Cable wakeboarding is definitely the most accessible. At the park [Hillcrest Quarry, Durbanville] we try to encourage people who never been to ride for free – just to let them try. We have a lot of kids coming today – I am actually going there after this interview. We have people who are learning, some who just enjoy the fun aspect of it. I really like to push the younger kids because obviously, that is what hooked me when I was young. 


hillcrest quarry wakeboarding

Hillcrest Quarry


Do you want to tell more about your wake park? 

It’s Hillcrest Quarry – it’s a small body of water. We have two towers set up with a cable, we have obstacles in the water. One rider at the time – and it is super easy for learning. We always have an operator who controls the cable speed, if you’ve never done it before. So it’s not as intimidating as other places. It’s pulling you very much out the water and there are operators watching you. That system can help prevent, and avoid, hard falls, which are often what puts people off.  

They ride in front of us, so we can see exactly what they are doing wrong and help them improve. At Hillcrest Quarry, if you fall, you don’t have to waste time swimming, take your stuff and walk all the way back.  At our wake park the panel stop is right next to you, so you can grab it and you can immediately go. So everything’s fresher in your mind.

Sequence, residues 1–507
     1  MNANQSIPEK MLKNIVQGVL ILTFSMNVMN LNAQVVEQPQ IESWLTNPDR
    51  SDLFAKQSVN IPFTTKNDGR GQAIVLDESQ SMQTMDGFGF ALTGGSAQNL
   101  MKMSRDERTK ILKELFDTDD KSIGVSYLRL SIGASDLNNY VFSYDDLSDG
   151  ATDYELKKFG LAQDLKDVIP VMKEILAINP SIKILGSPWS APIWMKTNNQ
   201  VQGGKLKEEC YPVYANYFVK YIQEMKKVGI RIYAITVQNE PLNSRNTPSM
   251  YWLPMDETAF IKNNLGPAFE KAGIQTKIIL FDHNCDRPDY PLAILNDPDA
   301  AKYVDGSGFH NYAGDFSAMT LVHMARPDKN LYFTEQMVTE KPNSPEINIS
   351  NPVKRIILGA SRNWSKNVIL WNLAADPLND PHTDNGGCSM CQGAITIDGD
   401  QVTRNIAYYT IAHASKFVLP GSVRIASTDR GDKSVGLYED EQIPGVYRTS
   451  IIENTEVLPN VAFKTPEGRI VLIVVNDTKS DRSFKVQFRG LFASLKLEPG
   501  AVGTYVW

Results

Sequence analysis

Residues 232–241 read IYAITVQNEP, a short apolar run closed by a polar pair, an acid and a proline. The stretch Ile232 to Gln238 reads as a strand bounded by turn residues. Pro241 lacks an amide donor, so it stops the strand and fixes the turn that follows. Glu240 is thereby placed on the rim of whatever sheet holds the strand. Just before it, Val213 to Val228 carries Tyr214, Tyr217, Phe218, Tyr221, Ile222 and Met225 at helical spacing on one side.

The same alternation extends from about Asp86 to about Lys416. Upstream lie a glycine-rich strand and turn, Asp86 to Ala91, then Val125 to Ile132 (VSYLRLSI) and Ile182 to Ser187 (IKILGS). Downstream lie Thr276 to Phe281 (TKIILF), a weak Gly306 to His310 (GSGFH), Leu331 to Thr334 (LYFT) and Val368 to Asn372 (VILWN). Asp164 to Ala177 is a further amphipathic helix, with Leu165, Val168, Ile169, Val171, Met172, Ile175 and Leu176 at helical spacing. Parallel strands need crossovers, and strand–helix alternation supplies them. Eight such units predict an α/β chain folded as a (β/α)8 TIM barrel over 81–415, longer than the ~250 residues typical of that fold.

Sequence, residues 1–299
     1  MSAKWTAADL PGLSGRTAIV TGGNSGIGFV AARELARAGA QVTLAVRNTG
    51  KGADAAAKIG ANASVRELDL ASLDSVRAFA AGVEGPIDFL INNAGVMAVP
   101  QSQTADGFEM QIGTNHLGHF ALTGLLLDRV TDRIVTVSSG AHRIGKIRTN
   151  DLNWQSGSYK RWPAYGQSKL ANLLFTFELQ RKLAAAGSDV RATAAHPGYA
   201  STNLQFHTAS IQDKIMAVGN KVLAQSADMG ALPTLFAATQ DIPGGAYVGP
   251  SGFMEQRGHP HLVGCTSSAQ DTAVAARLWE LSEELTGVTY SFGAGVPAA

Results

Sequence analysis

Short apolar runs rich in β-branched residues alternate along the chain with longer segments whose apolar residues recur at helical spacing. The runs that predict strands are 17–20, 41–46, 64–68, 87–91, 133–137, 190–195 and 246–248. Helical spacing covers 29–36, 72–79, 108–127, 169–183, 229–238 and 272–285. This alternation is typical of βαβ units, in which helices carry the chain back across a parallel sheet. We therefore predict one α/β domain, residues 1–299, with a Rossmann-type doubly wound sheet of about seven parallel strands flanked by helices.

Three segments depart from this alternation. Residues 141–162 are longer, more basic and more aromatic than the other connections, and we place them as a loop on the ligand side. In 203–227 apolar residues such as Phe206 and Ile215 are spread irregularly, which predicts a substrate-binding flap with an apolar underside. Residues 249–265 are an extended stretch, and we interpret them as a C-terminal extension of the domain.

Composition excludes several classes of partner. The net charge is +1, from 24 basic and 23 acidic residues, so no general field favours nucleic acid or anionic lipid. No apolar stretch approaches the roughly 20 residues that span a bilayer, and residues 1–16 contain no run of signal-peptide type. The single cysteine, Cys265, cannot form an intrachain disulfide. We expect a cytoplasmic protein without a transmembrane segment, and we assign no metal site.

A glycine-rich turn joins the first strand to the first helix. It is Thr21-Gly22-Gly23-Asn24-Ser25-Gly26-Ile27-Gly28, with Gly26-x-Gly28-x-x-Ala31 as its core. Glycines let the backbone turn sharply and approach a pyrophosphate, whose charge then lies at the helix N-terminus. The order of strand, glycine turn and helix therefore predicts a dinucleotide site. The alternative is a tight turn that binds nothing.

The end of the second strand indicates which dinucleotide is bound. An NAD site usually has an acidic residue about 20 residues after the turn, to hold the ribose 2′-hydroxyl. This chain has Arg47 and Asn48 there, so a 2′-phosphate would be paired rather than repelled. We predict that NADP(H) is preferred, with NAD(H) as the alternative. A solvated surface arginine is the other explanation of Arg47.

What kinds of obstacles do you have?

We have three obstacles there, on which you can go both ways. We have a beginner’s one called the slider. Then we have an incline rail, which is for intermediate riders.

And then, we have the ramp.  Once you have board control, and once you can hit the slider, you can manage the ramp. I have seen people hit the ramp on their first day. Sometimes it takes people a bit longer. 

But I mean, you can hit the rail and ramps in unique ways, which is also fun for more advanced wakeboarders. If you want to jump big you can, if you want to jump small you can. It’s for any level and it is more about how you use the obstacle.




How long would it take for someone to get to an advanced level?

On average, if you ride a lot and have some natural ability, it will take something around 3 to 4 years to get to the top – in South Africa anyway. If you have good body awareness, good sense of balance and good people to teach you – that helps a lot. 

How does South Africa rank in the wakeboarding world? 

The last time I went to an international competition in 2012, as I am old now ah-ah. We ranked twelfth, with a team of 8 riders. I think there were 43 countries competing. 

[Jason told us that in many cases wakeboarding can be quite unaffordable.  This cost influences South Africa’s competitive ranking. With the Dirty Habits Playground, at Hillcrest, they are trying to fix exactly that.]




How much do you charge at the park?

It’s R150, inclusive of gear if you don’t have. It’s supposed to be for a 15 minutes session.  It sounds short, but no one makes 15 minutes! When people come for the first time I tell them ‘ you can ride till you’re dead’ and then once you’re done we’ll see. On average they last 10-12 minutes. In other parks, you spend a lot of time swimming and standing in the queue, whereas with us you keep the momentum. 


Any advice you want to give wakeboarders in Cape Town?

Umm, yeah – it’s hard times now, so you got to keep pushing through. Come ride with us at the park! We just want to get people in the water.   If ten percent of people get hooked as I did, then my job is done! I’m happy. 




Curious about wakeboarding or want to improve?   Or simply meet South African wakeboarding professionals? Get in touch with Jason and the Dirty Habits team! They will sort your water sports craving out. 

Website: dirtyhabits.com 


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Author: Reporter @ Amanzi